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Shein mega listing could reverse momentum in London’s IPO melodrama

A decision by Shein to list on the London Stock Exchange might reverse the narrative somewhat and provide a springboard to leap up the global stock exchange rankings
A decision by Shein to list on the London Stock Exchange might reverse the narrative somewhat and provide a springboard to leap up the global stock exchange rankings

After a spate of de-listings and UK stalwarts ditching their home market choosing to list overseas, the London Stock Exchange has been in desperate need of a light at the end of the tunnel.

For the London Stock Exchange, the narrative has been all negative. Individual decisions by issuers to list on different exchanges have cemented an impression that London is unattractive, like the US IPO of Softbank-backed UK chip giant Arm or private equity giant CVC’s decision to float in Amsterdam, rather than what many would see as its natural home exchange.

The gloom that has built over the LSE has proven tough to shake. A decision by Shein to list on the London Stock Exchange might reverse that narrative somewhat and provide a springboard to leap up the global stock exchange rankings, the LSE sits outside of the top twenty after PUIG’s IPO priced this week, according to Mergermarket data.

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With a possible IPO valuation of between USD 60bn and USD 90bn according to various speculative reports, even a lowly 10% float, the minimum required following reforms in 2021, Shein’s listing would be the largest London IPO since Glencore and reverse the impression of an exodus of capital from the LSE.

But would it be a symbolic victory?

It is widely known that Shein’s first choice exchange isn’t London; it filed confidentially for a US IPO last year.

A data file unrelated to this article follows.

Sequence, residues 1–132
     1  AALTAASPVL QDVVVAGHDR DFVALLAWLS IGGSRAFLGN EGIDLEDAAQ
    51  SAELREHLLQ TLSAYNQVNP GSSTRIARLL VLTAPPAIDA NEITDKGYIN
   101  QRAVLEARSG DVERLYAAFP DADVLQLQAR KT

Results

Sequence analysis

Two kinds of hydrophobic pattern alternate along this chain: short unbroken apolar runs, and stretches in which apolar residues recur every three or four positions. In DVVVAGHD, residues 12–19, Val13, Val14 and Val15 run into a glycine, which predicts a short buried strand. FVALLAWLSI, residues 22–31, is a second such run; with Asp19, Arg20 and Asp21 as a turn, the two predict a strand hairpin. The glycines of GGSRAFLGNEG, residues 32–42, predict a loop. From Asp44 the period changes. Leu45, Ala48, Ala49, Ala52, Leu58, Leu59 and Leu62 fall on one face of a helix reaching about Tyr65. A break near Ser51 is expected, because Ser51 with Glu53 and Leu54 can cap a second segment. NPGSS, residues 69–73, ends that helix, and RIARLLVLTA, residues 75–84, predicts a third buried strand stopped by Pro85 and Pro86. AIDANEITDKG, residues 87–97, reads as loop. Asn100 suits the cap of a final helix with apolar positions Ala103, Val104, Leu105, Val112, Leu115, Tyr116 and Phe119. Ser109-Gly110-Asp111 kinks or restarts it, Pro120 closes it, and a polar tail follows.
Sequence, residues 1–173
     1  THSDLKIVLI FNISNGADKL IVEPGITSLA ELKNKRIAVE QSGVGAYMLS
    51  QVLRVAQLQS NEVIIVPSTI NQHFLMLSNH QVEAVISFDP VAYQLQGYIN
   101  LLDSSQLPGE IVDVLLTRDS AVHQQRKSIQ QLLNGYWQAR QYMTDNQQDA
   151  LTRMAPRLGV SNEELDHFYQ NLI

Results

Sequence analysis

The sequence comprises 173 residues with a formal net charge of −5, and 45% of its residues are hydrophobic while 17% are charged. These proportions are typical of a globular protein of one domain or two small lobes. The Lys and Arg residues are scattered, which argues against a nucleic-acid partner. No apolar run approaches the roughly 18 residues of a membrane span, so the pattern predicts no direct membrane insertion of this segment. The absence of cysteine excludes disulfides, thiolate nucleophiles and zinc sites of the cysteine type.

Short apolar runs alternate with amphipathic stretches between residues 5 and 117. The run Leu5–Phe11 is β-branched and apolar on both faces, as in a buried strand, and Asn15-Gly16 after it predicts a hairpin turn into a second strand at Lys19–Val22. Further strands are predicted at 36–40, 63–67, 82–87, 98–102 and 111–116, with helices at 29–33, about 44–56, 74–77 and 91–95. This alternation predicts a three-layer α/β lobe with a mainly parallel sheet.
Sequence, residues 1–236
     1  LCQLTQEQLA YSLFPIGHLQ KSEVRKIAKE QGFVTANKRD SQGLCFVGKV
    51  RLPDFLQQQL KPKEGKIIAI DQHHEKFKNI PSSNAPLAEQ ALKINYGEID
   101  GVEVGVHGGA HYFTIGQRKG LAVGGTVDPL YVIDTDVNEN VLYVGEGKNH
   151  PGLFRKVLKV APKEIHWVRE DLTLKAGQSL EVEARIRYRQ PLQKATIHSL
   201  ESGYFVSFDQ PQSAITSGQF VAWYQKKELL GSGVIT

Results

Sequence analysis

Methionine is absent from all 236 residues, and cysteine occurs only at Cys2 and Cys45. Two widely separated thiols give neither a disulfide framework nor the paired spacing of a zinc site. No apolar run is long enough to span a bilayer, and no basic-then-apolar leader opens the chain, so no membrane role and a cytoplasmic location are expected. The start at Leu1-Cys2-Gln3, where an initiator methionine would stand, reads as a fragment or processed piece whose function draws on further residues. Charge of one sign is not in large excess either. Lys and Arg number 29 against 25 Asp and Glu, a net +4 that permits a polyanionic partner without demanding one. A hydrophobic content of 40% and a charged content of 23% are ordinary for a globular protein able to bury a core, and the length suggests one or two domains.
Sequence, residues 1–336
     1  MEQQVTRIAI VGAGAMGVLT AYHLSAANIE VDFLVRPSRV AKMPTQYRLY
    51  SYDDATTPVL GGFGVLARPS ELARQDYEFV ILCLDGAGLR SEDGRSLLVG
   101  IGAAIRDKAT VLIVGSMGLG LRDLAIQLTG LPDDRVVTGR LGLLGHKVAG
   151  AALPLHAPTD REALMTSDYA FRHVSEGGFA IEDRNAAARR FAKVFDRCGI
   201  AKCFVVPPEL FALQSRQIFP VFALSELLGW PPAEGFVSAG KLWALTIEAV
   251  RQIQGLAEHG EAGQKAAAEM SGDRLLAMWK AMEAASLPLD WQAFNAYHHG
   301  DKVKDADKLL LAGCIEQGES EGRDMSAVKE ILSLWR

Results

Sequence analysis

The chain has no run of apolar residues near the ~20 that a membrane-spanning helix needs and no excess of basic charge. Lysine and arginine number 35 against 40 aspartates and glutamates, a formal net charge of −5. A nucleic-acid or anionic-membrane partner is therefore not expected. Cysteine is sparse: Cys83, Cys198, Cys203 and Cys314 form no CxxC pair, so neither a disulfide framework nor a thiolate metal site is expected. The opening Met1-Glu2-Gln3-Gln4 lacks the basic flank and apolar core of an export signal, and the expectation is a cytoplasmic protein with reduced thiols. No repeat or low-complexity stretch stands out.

Regulatory pressures though have built in the US; Shein, although Singapore headquartered, was founded and mainly operates in China and has been accused by US lawmakers of copyright infringement and using forced labour as part of its supply chain, a point the company has robustly rebutted.

Shein is possibly just a victim of the growing geopolitical hostility of the world’s two foremost superpowers, but it begs the question why the UK, so intrinsically linked with US foreign policy goals, would be willing to step in to offer Shein a lifeboat in the form of an LSE listing.

The UK’s post-Brexit pitch for the LSE is not likely to be as a safe haven for Chinese state-linked businesses as an alternative to a US listing and, as such, the UK is likely acting opportunistically to nab a listing from a company it does not see as strategically problematic. Fast fashion is hardly a national security threat.

But Shein’s listing may not mean very much beyond a PR boost. A steady flow of Chinese companies listing in London seems inconceivable in this new era of great power politics, but it suggests that the UK is looking East when considering the future of the LSE.

Alongside Shein the food ingredients unit of Singapore’s Olam Group has long been one of the big names in London’s IPO pipeline and there will still be some in Paternoster Square that dream of hosting a secondary listing for Saudi Aramco, although its future equity prospects seem squarely focused on its domestic market, at least for the time being.

The most important consequence of Shein’s listing is likely to be cosmetic, the LSE could use a win, and an IPO valued at USD $60bn plus from an Asian e-commerce giant is the sort of PR victory that comes round about once a decade.

But, beyond that, the UK still needs to resolve structural issues that plague its equity markets. Pension reform to boost investment in domestic stocks is a must and in its next round of capital market reforms some serious thought will be given to ending the prohibition of dual-class share structures in the Premium Segment of the LSE.

Perhaps most of all the UK needs find its USP now London is no longer an English-speaking common-law bridge to European markets.

If it can start to attract more international listings and the UK can make significant pension reform to unlock vast domestic capital pools, that might go some way towards reestablishing London’s lustre.

But, until then, Shein is exactly the sort of quick win the LSE needs.

Even if a potential Shein IPO ends up just ends up giving the LSE some nice headlines, it’ll be a welcome bit of good news.